I love having a long weekend. Usually it means that I get an extra painting day. Here’s an update on the paintings I was working on this weekend.
This was the bulk of the day on Monday. The composition really requires this portion of the painting to feel very solid and have a believable weight so I wanted to get it working early on. There’s still a very long way to go and I haven’t even really begun the portraits but I’m quite happy with the progress so far.
Saturday I spent most of the day on the next pass of the portrait for this work. It’s going to need maybe one more good pass to finish it off but I’m starting to get it dialed in. On Sunday I scumbled a nice blue texture over the background. It probably needs some more lighter tones in the background as well so it doesn’t feel so monochromatic but I’m really loving the scumbled background effect. Hoping to be able to finish this one off this month. The clothing needs the most attention at this point.
Here’s some of the paintings that I’m currently working on.
First up is another in the shushing series that I’m hoping to continue this year. It’s the largest painting that I’ve done in a long while at 24″x36″. The photograph is slightly cropped here but it’s pretty close. Still a long way to go with this one but it’s starting to take shape.
Next is the portrait of Kayti. The background is going to get much darker once I’ve got the contours dialed-in (mostly in the hair and torso at this point). Still a good way to go on this one as well but it’s also starting to shape up as well. The image is slightly cropped as the painting actually square.
Finally here’s a new painting that I’ve just started to block in. Hopefully I can hit on the sentiment in the image without falling into sentimentality. It was just a chance image I captured as a candid during a zoo visit last year and it really stuck with me so I’m hoping to do the image justice.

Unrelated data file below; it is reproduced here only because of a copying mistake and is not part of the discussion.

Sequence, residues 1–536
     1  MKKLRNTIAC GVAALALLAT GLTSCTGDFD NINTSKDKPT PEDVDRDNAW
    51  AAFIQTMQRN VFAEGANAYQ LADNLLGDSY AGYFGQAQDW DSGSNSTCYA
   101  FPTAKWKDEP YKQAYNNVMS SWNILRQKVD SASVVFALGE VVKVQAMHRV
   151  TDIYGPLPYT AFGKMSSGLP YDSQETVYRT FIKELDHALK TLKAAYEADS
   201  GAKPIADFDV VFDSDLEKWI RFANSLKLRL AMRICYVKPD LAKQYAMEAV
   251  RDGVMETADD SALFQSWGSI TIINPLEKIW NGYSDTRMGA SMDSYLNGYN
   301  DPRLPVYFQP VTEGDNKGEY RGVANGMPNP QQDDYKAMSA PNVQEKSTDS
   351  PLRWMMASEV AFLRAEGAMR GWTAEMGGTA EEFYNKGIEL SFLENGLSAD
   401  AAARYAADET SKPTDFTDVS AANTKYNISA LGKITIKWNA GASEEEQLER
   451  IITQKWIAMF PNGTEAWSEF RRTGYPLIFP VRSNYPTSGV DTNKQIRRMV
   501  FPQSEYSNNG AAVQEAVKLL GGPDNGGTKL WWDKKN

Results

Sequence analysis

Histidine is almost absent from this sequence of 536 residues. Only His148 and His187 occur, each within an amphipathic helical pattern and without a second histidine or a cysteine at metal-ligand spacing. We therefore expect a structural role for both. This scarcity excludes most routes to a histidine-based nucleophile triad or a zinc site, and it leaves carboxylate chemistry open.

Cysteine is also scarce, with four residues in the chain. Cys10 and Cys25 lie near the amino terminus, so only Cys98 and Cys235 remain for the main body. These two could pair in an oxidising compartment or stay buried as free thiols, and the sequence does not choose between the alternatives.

Spent a good chunk of time in the studio this weekend. Got a couple of good session in on the the painting of Josh. Here’s a couple of images (sorry about the glare).
This is an intermediate pass on the fleshy parts of the painting. Should be a good base for really going for the chroma and modeling on the the final layers.
Here, I wanted to make a decision on the background color and I also wanted to give myself a problem to work out as I resolve the painting. I don’t normally reach for the high-chroma paint tubes (read cadmiums). But in this case I wanted a chromatic orange in the background. The challenge now will be to bring enough color into the subject that it’s not overwhelmed by the background. I’m curious to see if I’ll be able to pull that off with the earth tones that I normally work with or if I’ll have to expand the palette into more of those high-chroma pigments.
I’ve got another painting going as well. This one is a 24″ square composition of Kayti and her amazing tattoos.
Here’s the initial wipeout. I think the support didn’t get enough drying time before I started in on this layer so some of the paint areas didn’t wipeout as cleanly as I would have liked. That said, I’m starting to trust myself more and understand that I just need a few general markers to start from.
Here it is starting to block in the paint areas. I think I’ve got a good tone for the pigmented skin but really this is going to be a lot of work and I haven’t even started on the actual portrait yet.